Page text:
Bochdalek hernia is a rare congenital condition. Read this lesson to learn more about this specific type of hernia, common characteristics of the condition, and how to treat it. What is a Hernia? Joan, a middle school teacher, has recently started suffering from abdominal pain. Eager to find some relief from the ongoing and increasing discomfort, she makes an appointment with her doctor.

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Last Update: September 21, Introduction Bochdalek hernia is a developmental defect in the posterolateral diaphragm, allowing herniation of abdominal contents into the thorax causing mechanical compression of the developing lung parenchyma and sometimes causing lung hypoplasia.

As such, symptoms typically manifest in the pediatric age group and tend to be respiratory. Exact etiology is unknown, though, both environmental and genetic components are favored.

Surgical repair of the diaphragmatic defect is often the treatment. There are multiple chronic conditions associated with Bochadelk hernia and congenital diaphragmatic hernia CDH which require surveillance and long-term follow-up from a team of clinicians.

Etiology It is postulated that both environmental and genetic factors contribute to the etiology of a Bochdalek hernia.

The aforementioned affected genes discovered include multiple transcription factors and the retinoic acid pathway. Most of these appear to have pleiotropic effects and variable penetrance causing a range of phenotypes.

A Bochdalek hernia is a type of congenital hernia due to a developmental defect in the formation of the diaphragm. At around 4 weeks of gestation in humans, the diaphragm starts to form from several infoldings. Anteriorly, the central tendon is proposed to form from the septum transversum.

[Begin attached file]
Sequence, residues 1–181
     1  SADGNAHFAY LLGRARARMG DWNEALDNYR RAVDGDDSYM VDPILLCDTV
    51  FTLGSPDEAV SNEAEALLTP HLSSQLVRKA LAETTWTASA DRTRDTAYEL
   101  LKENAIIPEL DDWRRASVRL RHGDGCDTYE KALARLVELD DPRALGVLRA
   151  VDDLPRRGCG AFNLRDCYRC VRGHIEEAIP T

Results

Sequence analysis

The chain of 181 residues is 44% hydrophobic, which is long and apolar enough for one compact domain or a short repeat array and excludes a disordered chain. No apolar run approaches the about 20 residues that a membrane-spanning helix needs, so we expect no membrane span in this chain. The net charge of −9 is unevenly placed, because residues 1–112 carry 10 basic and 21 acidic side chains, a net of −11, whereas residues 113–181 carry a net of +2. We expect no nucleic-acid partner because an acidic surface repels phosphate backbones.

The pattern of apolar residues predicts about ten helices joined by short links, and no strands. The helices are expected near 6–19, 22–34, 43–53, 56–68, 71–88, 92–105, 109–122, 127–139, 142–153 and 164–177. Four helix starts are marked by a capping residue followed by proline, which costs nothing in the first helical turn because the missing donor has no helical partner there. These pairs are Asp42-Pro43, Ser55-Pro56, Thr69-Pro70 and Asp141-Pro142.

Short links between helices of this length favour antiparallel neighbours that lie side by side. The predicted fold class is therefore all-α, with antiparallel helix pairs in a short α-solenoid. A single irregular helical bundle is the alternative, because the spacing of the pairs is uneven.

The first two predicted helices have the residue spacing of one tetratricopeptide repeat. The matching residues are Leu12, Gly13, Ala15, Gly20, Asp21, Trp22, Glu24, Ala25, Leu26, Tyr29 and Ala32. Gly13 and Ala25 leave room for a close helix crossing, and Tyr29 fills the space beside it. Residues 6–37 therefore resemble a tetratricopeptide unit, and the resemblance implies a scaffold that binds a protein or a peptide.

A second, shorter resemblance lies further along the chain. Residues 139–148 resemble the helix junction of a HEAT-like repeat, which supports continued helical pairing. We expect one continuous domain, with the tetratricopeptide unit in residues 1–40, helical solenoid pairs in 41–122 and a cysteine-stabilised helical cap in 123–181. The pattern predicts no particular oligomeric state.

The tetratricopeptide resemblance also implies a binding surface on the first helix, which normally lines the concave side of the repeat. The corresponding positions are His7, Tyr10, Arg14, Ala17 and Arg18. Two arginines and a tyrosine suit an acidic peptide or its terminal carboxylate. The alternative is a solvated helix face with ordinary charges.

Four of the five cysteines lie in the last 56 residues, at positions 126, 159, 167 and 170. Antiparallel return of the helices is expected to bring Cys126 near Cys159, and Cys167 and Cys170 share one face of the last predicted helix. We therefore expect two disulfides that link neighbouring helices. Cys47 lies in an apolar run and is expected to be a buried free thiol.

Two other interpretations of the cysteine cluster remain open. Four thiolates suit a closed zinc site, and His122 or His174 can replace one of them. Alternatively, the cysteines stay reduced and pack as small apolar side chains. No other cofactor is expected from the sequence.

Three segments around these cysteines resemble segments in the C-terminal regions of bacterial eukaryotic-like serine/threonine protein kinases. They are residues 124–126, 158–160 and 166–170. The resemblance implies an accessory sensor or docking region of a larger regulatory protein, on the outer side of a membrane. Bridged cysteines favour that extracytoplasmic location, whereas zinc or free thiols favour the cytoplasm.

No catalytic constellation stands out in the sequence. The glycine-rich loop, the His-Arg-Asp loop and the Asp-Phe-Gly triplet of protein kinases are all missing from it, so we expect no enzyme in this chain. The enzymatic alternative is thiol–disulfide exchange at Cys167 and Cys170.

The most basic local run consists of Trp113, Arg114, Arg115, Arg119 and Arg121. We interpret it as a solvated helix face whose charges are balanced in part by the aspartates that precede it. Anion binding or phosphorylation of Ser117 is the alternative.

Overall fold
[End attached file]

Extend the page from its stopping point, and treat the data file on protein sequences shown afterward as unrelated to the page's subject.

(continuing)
Posterolateral infoldings form the pleuroperitoneal membranes. In the pediatric age group, the presentation is often with respiratory symptoms from lung hypoplasia after mechanical compression of developing lung parenchyma in utero.

In contrast, Bochdalek hernias in adults are usually asymptomatic and incidentally found. Symptoms in adults often manifest as vague or nonspecific gastrointestinal complaints.

More severe cases could show a scaphoid abdomen, as bowel contents herniate into the thorax. Evaluation Ultrasonography, plain film chest radiography, and thin section CT with multiplanar reformats all play a role in the diagnosis of a Bochdalek hernia. In fact, a congenital diaphragmatic hernia is the most commonly reported indication for thoracic prenatal MRI. Post-natally, ultrasonography can delineate the entire diaphragm, assessing for discontinuity, as well as evaluating the viscera that has herniated.

However, sensitivity on plain film chest radiography is low, and congenital diaphragmatic hernias can be confused for other thoracic pathology.

On Chest CT, one can more accurately assess for focal defects in the diaphragm. Sometimes, in severe herniation, Fetoscopic endoluminal tracheal occlusion FETO therapy can be considered. This procedure temporarily blocks the trachea, and preliminary research suggests it improves lung development. PPH is also a sequela of congenital diaphragmatic hernia and mechanical compression of the lung during development.

However, there are other considerations such as congenital diaphragmatic eventration, diaphragmatic paralysis, and extralobar pulmonary sequestration, which are detectable during pregnancy.

Congenital diaphragmatic eventration is thought to be secondary to defective development of the diaphragmatic musculature with subsequent focal thinning. Whereas, extralobar pulmonary sequestration is lung parenchyma with separate pleural and vascular supply. Some research suggests there is an overall increase in patient survival, thought secondary to advances in critical care.